CARPHA urges region to deal seriously to eradicate mosquitoesTuesday, May 14, 2019
PORT OF SPAIN, Trinidad (CMC) — The Trinidad-based Caribbean Public Health Agency (CARPHA) is warning the region that as the rainy seasons approaches every effort must be made to intensify efforts to deal with mosquitoes, which it describes as “the world's deadliest animal”.
CARPHA executive director, Dr C James Hospedales, in a message coinciding with Mosquito Awareness Week 2019, said the mosquitoes could seriously affect the health of Caribbean people.
“Mosquito-borne diseases stress our region's health care systems, threaten social and economic development, and negatively impact our tourism industry,” he said.
CARPHA said that the World Health Organization (WHO) has indicated that the dengue virus alone threatens approximately 3.9 billion people in over 128 countries.
Mosquito Awareness Week 2019 is being observed with the slogan “Fight the Bite, Destroy Mosquito Breeding Sites”, and CARPHA said the week focuses on mosquito-borne diseases and risks associated with them.
It said climate variability can influence the number of persons exposed to mosquito-borne diseases.
“As the rainy season approaches, mosquito control and awareness activities need to be intensified. Significant rainfall can lead to a proliferation of mosquito-breeding sites, increased mosquito populations and an increased risk of disease transmission.”
Senior technical officer responsible for Vector Borne Diseases Prevention and Control at CARPHA, Rajesh Ragoo, said the best way to “fight the bite” is to be on the lookout for standing water and clean-up our surroundings.
“The two most important things to control mosquito populations in our Caribbean countries is through source reduction, specifically management of water storage drums and tanks, and properly dispose of used vehicle tires to prevent mosquitoes breeding,” he added.
Ragoo said it is also important to minimise exposure to mosquito bites especially for vulnerable populations such as infants, young children, older adults and women who are pregnant or trying to get pregnant.
CARPHA said it is urging all to work as a team to reduce the mosquito populations.
“We need to be more engaging in our battle against mosquito-borne diseases which do not recognise boundaries. It means a regional intersectoral approach, greater collaboration between government agencies, non-governmental organisations, and community groups,” said Dr Hospedales.
CARPHA said it is providing support to member states by enhancing regional surveillance, and the agency's capacity for testing mosquito borne diseases; and monitoring regional and global developments. Dr Laura-Lee Boodram, the head of Vector-Borne Diseases said “CARPHA utilises, integrated strategies to support its Member States and other regional organisations in the fight against mosquito-borne diseases.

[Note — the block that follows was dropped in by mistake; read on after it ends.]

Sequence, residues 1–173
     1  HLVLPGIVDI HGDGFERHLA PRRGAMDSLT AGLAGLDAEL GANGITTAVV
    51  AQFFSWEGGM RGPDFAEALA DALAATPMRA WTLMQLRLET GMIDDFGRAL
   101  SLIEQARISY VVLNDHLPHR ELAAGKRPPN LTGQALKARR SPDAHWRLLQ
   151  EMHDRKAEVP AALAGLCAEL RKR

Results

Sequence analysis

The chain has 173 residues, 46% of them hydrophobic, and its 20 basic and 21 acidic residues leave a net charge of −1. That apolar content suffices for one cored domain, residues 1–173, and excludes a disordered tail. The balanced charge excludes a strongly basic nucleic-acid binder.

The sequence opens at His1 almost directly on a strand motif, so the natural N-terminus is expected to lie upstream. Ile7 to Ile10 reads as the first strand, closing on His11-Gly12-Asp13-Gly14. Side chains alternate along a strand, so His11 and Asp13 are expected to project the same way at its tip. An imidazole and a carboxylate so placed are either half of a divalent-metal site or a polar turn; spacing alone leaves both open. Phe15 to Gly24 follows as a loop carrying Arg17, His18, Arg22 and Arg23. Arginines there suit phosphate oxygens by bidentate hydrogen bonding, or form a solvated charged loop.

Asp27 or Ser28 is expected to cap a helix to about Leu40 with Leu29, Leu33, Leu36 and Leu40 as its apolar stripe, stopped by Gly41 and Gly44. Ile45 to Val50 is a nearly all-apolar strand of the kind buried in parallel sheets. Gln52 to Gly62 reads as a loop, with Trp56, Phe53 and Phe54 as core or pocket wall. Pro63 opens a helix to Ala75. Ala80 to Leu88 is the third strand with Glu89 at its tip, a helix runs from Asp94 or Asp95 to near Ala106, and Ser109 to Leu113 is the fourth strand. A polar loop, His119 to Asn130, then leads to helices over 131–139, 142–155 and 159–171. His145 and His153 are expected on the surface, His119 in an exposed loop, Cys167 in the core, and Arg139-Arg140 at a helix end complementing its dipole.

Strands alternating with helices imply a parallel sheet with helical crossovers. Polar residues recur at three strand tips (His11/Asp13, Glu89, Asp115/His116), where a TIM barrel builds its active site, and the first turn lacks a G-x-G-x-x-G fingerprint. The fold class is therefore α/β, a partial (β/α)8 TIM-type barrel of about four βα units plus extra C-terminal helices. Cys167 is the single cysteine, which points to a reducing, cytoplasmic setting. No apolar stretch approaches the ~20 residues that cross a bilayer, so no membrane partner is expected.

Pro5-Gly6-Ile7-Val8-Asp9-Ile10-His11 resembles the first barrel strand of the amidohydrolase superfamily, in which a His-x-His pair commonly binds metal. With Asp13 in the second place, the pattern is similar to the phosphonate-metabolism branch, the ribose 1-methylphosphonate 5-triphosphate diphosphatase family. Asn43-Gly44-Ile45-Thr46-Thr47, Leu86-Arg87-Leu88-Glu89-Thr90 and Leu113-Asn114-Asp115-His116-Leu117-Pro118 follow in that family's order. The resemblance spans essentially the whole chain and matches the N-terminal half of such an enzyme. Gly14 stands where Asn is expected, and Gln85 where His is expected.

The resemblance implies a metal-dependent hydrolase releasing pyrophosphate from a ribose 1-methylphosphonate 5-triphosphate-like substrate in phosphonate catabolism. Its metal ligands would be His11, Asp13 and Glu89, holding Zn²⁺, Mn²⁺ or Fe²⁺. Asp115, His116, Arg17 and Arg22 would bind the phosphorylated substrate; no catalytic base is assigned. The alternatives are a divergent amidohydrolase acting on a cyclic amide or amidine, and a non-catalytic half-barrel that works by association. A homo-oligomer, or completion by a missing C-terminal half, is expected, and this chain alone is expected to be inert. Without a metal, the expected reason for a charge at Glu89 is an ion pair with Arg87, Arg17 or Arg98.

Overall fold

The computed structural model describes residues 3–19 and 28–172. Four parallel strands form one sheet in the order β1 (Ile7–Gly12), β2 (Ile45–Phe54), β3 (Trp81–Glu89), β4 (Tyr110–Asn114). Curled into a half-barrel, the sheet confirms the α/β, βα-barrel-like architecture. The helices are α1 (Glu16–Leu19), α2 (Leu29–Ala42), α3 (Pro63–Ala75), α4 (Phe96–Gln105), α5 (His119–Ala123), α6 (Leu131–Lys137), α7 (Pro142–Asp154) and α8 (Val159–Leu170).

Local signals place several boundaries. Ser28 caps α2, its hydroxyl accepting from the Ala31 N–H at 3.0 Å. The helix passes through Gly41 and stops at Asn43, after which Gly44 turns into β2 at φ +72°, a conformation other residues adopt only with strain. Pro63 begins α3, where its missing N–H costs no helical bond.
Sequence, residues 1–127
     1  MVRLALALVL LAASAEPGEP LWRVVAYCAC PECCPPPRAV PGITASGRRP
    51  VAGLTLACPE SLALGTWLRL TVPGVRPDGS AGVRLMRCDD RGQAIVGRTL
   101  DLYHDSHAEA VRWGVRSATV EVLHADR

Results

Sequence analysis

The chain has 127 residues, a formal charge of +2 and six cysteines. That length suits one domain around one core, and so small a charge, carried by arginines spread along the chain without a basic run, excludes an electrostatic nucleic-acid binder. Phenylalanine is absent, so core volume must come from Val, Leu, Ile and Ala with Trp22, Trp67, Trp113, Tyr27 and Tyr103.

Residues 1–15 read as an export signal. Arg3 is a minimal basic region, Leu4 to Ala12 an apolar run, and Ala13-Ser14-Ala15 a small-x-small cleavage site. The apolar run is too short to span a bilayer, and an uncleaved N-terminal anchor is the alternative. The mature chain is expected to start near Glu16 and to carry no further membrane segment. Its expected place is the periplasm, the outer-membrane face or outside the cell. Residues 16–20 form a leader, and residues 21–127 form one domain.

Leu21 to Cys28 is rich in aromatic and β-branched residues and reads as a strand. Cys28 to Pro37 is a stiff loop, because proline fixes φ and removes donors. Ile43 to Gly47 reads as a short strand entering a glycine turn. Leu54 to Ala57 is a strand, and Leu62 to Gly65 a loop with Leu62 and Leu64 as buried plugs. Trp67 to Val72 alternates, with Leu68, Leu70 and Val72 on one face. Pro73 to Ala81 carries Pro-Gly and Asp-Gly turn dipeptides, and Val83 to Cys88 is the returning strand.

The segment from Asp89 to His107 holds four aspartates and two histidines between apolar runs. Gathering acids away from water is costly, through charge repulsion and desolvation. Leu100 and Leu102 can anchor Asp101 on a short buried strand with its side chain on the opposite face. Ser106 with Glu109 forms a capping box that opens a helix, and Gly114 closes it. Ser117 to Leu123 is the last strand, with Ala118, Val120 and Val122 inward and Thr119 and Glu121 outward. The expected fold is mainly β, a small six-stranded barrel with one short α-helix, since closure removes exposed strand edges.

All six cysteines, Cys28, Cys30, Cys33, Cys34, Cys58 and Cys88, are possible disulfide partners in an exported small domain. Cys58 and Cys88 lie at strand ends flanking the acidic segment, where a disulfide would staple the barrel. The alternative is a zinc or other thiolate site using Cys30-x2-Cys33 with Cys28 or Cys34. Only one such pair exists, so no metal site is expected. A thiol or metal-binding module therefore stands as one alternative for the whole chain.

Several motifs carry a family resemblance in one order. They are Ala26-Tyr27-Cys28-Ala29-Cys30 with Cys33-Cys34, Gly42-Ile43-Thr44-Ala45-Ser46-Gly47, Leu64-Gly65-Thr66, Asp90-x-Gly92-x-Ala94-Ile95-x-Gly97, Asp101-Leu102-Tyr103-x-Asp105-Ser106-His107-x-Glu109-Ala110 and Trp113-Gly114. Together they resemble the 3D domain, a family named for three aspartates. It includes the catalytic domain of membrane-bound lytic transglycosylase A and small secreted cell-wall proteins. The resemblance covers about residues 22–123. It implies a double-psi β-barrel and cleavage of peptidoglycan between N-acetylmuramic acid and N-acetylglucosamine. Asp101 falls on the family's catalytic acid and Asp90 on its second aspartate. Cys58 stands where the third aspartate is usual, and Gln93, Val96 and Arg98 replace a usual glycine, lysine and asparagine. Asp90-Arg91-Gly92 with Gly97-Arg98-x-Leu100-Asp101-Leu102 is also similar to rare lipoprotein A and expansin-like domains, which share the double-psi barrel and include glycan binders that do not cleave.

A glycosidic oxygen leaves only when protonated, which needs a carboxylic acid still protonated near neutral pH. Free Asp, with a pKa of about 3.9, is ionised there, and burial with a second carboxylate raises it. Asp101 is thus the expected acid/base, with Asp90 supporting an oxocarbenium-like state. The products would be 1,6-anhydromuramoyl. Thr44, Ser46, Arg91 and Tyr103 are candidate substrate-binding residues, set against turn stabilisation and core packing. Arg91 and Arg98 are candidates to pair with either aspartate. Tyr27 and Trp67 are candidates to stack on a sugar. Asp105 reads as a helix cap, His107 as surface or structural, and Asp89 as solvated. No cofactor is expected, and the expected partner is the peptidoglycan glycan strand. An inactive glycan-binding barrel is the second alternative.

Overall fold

“We focus on strengthening capacity in our countries to detect prevent and control the spread of mosquito-borne illness, which also involves limiting the spread of mosquito vectors. We are implementing advanced molecular diagnostic laboratory techniques, such as, to better characterise mosquito-borne viruses and improve public health prevention and control measures.”
Additionally, CARPHA said it is providing valuable information that can help in the prevention and control of mosquito-borne diseases, spread by the Aedes aegypti, the common vector for dengue, Chikungunya, Zika, and Yellow Fever.
Another area of concern is the possible re-emergence of malaria in the region. Malaria, spread by the anopheles mosquito, was eliminated from most of the Caribbean when global eradication efforts were undertaken in the 1950s and 1960s.
The disease is endemic in the Dominican Republic and the CARPHA Member States of Belize, Haiti, Guyana and Suriname. However, few countries have already reported an increase in imported cases of Malaria.
CARPHA said that it has developed “Mission Mosquito”, an innovative information toolkit, which includes animated videos, posters and answers to frequently asked questions (FAQs) about mosquito-borne diseases.
It said the toolkit is specially packaged to meet the needs of a diverse audience, which include public health professionals and clinicians, pregnant women, and children.
Caribbean Mosquito Awareness Week was declared at the 17th Special Meeting of the Caricom Heads of Government in November 2014 on Public Health Threats and is an important reminder to the general public to take action to reduce their risk of diseases spread by mosquitoes. It is observed annually during the second week of May.